Qantas and Jetstar will provide passengers with masks, enhance aircraft cleaning and stagger boarding and disembarkation in an effort to prevent the spread of coronavirus as domestic travel resumes.
The new measures will be rolled out from June 12, Qantas chief executive Alan Joyce said on Tuesday, adding that the company was preparing for the resumption of domestic travel within the next few months.
"There is a possibility that we might have nearly all the states opening up as early as July and we're planning for that," Mr Joyce said.
"We have the ability to put a large amount of our capacity back into the air dependent on plans, and we're giving people certainty about what the process would look like and the health and wellbeing that we're putting in place."
The airlines' plans include the provision of recommended, although not mandatory, face masks for all passengers, increased aircraft cleaning, hand sanitising stations at departure gates and sequenced boarding and disembarkation to avoid crowding.
Passengers will also be encouraged to check-in online and use the self-serve bag drop.
Service and catering will be simplified to minimise contact between passengers and crew, and passengers will be asked to limit their movement around the cabin once seated.
However, an extra seat will no longer be left in between passengers because social distancing isn’t practical on an aircraft, Qantas medical director Ian Hosegood said.
Dr Hosegood said there is a low risk of someone contracting coronavirus on an airplane because passengers don’t sit face-to-face, aircraft seats act as a barrier and hospital-grade filters clean the cabin air.
"The extra measures we're putting in place will reduce the risk even further," Dr Hosegood said in a statement on Tuesday.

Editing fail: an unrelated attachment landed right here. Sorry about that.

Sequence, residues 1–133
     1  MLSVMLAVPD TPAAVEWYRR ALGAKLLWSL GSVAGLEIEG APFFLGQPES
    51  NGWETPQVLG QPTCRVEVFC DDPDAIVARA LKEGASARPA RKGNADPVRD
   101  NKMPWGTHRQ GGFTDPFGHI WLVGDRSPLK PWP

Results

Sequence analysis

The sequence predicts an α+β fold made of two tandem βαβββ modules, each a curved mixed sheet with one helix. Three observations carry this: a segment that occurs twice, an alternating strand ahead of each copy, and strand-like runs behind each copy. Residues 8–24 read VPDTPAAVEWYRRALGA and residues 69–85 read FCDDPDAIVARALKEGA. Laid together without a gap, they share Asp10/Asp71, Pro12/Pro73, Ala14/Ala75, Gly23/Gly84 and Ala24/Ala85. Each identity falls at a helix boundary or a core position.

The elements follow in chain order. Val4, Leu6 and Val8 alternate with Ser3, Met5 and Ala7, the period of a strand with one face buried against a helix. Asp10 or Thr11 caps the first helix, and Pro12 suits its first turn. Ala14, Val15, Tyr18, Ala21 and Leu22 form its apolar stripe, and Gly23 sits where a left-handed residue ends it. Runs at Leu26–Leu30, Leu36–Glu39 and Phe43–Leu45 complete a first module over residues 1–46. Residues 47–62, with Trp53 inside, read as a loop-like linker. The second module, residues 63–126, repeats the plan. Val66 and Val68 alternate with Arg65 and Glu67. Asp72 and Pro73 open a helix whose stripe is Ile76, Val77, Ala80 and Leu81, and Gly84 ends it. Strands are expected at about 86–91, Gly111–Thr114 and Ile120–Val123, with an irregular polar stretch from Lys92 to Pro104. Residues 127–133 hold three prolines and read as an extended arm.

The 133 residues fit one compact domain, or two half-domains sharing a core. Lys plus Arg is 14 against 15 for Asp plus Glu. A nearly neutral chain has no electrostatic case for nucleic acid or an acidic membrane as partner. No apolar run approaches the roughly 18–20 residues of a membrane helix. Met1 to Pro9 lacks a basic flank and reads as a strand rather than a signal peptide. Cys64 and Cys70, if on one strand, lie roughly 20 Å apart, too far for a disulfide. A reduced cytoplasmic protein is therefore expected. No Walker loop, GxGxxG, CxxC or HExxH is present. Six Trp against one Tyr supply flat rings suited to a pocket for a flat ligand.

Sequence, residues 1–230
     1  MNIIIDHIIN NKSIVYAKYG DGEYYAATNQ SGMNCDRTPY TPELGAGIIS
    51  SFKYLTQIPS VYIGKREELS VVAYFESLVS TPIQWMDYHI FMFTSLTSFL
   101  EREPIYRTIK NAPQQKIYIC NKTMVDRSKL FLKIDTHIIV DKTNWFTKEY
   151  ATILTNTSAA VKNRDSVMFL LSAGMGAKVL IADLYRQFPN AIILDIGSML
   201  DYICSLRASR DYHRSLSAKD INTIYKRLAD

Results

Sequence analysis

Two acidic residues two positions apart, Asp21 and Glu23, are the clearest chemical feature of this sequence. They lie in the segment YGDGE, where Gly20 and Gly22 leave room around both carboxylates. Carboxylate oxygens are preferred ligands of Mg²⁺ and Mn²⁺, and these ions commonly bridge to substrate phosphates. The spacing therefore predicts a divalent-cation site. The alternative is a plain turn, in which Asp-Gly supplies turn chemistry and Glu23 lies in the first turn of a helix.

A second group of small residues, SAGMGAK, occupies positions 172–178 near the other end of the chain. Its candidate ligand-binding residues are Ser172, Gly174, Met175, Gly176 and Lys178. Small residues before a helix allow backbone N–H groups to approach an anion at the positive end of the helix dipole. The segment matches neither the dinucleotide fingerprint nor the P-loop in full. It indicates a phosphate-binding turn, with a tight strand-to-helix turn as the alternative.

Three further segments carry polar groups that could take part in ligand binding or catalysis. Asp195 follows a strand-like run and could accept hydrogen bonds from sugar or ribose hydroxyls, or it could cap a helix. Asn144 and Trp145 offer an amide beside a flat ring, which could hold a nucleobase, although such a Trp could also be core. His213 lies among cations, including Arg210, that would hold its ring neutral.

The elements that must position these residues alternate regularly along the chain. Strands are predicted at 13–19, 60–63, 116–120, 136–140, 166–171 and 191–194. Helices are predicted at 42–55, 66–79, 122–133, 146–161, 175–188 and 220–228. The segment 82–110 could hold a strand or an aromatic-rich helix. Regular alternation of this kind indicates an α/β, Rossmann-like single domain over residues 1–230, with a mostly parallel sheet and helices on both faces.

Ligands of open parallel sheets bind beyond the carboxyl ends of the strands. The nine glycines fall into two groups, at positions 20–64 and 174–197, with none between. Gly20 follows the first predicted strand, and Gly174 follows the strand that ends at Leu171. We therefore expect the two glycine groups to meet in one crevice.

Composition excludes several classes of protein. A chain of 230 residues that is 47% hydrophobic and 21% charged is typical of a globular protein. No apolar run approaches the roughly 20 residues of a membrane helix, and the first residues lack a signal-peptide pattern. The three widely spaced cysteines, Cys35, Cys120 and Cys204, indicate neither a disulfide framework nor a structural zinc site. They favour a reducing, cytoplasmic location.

Federal Tourism Minister Simon Birmingham has urged state and territory governments to open borders to domestic holidaymakers when safe.
Queensland has flagged border closures with southern states could remain until at least September due to the coronavirus pandemic, prompting despair from tourism groups, while WA and SA are also signalling borders will remain shut until the end of winter.
Senator Birmingham said states and territories should seek to reopen.
"Those states who've got border controls in place, assuming we've continued to see very low rates of transmission of COVID-19, ought to be looking at opening up their borders," Senator Birmingham told the Nine Network on Tuesday.
He later told reporters there was no reason why state borders couldn't reopen well before September if Australia continued to see success in containing the virus.
Tourism – which employs one in 13 Australians – has been one of the hardest-hit sectors as governments act to contain the spread of COVID-19.
Most tourism workers have been forced on to wage subsidies or the temporarily-boosted dole.
Opposition leader Anthony Albanese said no one wanted restrictions to remain longer than necessary, but state governments were making their decisions based on health advice.
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